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I have noticed this in hundreds of questions.

Most of the users use invalid lower case letters. "i" instead of "I" and "how to do..." instead of "How to.." Other than that I can see a lot of abbreviated words like "plz", "thx", etc.

However, they are not nice to see on a Q&A site. And these are the things that can be corrected by a bot (or even when submitting the question).

I just wanted to add this as a new idea.

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7

That's what the segment of the community over 2K rep is for. It's all a collaborative effort and everyone pitches in to clean up, whether it be with fixing up formatting or even going through and cleaning up the grammar and english.

The incentive for this is the Strunk and White badge and feeling a sense of relief and a calming of the night terrors as lowercase usage of the pronoun I haunts you leaving the soles of your feet pitch black and an empty bird cage next to your pillow.

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  • 1
    It gets a bit boring after a while, doesn't it?
    – alex
    Sep 23 '09 at 9:22
  • 3
    Depends on if you have Paint open.
    – random
    Sep 23 '09 at 9:22
  • 3
    You, sir, seem to have mastered the fine art on creating masterpieces in Paint :)
    – alex
    Sep 23 '09 at 9:44
5

I think some automated cleanup would be beneficial, although it would have to be carefully considered. Wikipedia uses bots quite successfully in this way. Despite what users on meta claim, manual community cleanup is not sufficient to keep up with the incorrect grammar and typos. Take a look through any random selection of questions on Stack Overflow. You'll find them full of errors, even ones with lots of votes and answers.

I think the truth is most people just don't really care, as long as the intent of the question can be discerned well enough to provide some kind of answer. I don't have any hard evidence, but I suspect the vast majority of 2K+ users don't edit much at all. It's easier to just vote to close. Personally, I edit every now and again if I like a question, but it's pretty boring and completely thankless work.

In a related way, I also think a lot of tag cleanup tasks could be automated (I think some already are), but that wasn't a popular opinion.

One thing that does surprise me is how ambivalent/negative the reaction seems to be to this sort of proposal. On a website dominated by people whose job it is to automate things, I find the answer 'we have people to do that manually' difficult to understand.

I'd definitely appreciate some insight from those who prefer the other side of this particular fence.

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    You can't really automate intent or sometimes, context. What if they need to include such words as "kthxbai" but the autocorrectabot transforms and rolls it out into something that doesn't make sense any more? Or invalidates/nulls out the question?
    – random
    Sep 23 '09 at 10:39
  • Just wait until the sentient brother of Sneakers O'Toole is rolled out to the public site.
    – perbert
    Sep 23 '09 at 19:59
2

There are patterns that can be used in search of editable content, such as:

lexic misconceptions

"builded"
"maked"
"maded"
"founded" (incorrect unless you are talking about foundations).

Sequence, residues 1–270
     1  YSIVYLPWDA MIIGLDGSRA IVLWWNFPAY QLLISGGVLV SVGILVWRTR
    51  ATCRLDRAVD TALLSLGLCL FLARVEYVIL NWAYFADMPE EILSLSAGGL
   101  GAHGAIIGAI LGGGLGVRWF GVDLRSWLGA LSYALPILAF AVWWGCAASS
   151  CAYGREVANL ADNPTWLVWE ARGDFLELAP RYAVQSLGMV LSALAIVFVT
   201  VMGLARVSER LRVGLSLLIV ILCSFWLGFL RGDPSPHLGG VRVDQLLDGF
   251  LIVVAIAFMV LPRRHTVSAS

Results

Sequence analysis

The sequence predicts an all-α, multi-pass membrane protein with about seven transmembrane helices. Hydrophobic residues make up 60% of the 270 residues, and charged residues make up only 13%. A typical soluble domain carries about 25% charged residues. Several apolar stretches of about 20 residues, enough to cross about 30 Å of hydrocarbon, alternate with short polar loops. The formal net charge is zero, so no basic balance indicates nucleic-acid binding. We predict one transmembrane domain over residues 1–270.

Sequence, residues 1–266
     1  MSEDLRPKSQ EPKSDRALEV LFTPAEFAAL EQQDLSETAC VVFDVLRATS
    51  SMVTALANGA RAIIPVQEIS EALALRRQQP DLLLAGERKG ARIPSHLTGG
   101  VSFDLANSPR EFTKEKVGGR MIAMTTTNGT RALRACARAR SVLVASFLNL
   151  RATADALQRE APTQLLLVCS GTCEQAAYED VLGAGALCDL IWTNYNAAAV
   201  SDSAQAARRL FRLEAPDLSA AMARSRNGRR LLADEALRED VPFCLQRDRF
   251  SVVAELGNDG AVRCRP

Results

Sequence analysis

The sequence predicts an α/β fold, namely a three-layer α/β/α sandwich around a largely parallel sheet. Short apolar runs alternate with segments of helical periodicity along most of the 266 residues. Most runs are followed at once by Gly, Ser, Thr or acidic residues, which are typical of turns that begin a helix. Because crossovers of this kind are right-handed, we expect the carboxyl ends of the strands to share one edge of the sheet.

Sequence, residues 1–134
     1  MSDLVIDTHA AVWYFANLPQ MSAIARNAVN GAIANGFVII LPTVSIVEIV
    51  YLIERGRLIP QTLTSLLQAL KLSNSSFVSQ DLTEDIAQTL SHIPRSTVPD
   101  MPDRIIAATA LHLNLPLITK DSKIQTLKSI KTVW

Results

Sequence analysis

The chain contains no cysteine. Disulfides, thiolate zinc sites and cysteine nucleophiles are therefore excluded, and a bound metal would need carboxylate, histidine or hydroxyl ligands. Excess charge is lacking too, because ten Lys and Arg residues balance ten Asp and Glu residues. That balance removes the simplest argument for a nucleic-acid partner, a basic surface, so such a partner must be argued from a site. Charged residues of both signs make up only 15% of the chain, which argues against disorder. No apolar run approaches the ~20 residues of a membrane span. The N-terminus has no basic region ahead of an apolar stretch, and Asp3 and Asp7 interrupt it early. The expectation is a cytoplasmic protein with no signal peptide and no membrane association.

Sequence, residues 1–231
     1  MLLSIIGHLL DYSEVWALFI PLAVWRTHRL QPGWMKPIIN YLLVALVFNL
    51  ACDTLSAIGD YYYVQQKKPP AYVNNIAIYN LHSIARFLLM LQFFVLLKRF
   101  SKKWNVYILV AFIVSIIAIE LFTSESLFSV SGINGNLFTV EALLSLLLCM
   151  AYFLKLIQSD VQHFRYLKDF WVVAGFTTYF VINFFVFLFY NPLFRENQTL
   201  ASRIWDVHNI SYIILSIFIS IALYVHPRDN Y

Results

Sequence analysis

Misconstructed syntax

"Ho do I can...?"
"Do you can...?"

These ones came to my mind days ago and some search results show hundreds of pages with unexperienced writings in titles, questions and answers in StackSites that mix different writing contexts (code and explanations). The list can be endless and goes far away from common slang. Described and similar patterns are useful to find editable content and some of such patterns could make a topic hard to find. Anyone can use this to give a hand in cleaning and earn some reputation in exchange. However results and posibilities lead to another concern: set aside editable content and focus only on Editworthy content. Most of results are poor quality entries that go beyond grammar: they can be Old, obsolete and lazy writings for example. Edition, queuing, revision and approval of such stuff lead to its revival on main page, requesting unnecessary attention in present time and then requiring moderation, involved reanimators advise and voted deletion; rather than actions regarding site main drives: New Questions and answers.

These patterns are also the easy ones. Remembering my first School MS Word homeworks I recall long sentences that were hard to conceive their suggested corrections. Long patterns use to fall in semantic issues (and even far away, streaking the unclear what you are saying area), but their appearance is still signal of unexperienced writing, and its search and automated analysis is still a subject hard to conceive and load into cpu memory in a worthy way.

If there's already an autocorrect bot, it will then need to update its directives and do its duty silently, at least with short and easy (typos, misconceptions, slang) patterns. All these may become a subject of study or community filled data to make some more automated usefull cleansing.

Last but not least to say: For recommended and non automated (member side) help, editworthy entries migth be searched and found using unexperienced traces along with good quality potential or actual presence in despite of its grammar (upvotes or fluent/rich explanations/feedback/activity).

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I am against automated post-processing of messages, but e.g. Firefox already comes with a built-in spell-checker. So we should try to find a way in motivating people for using it instead of risking automated "corrections" which could slightly change the meaning of a post.

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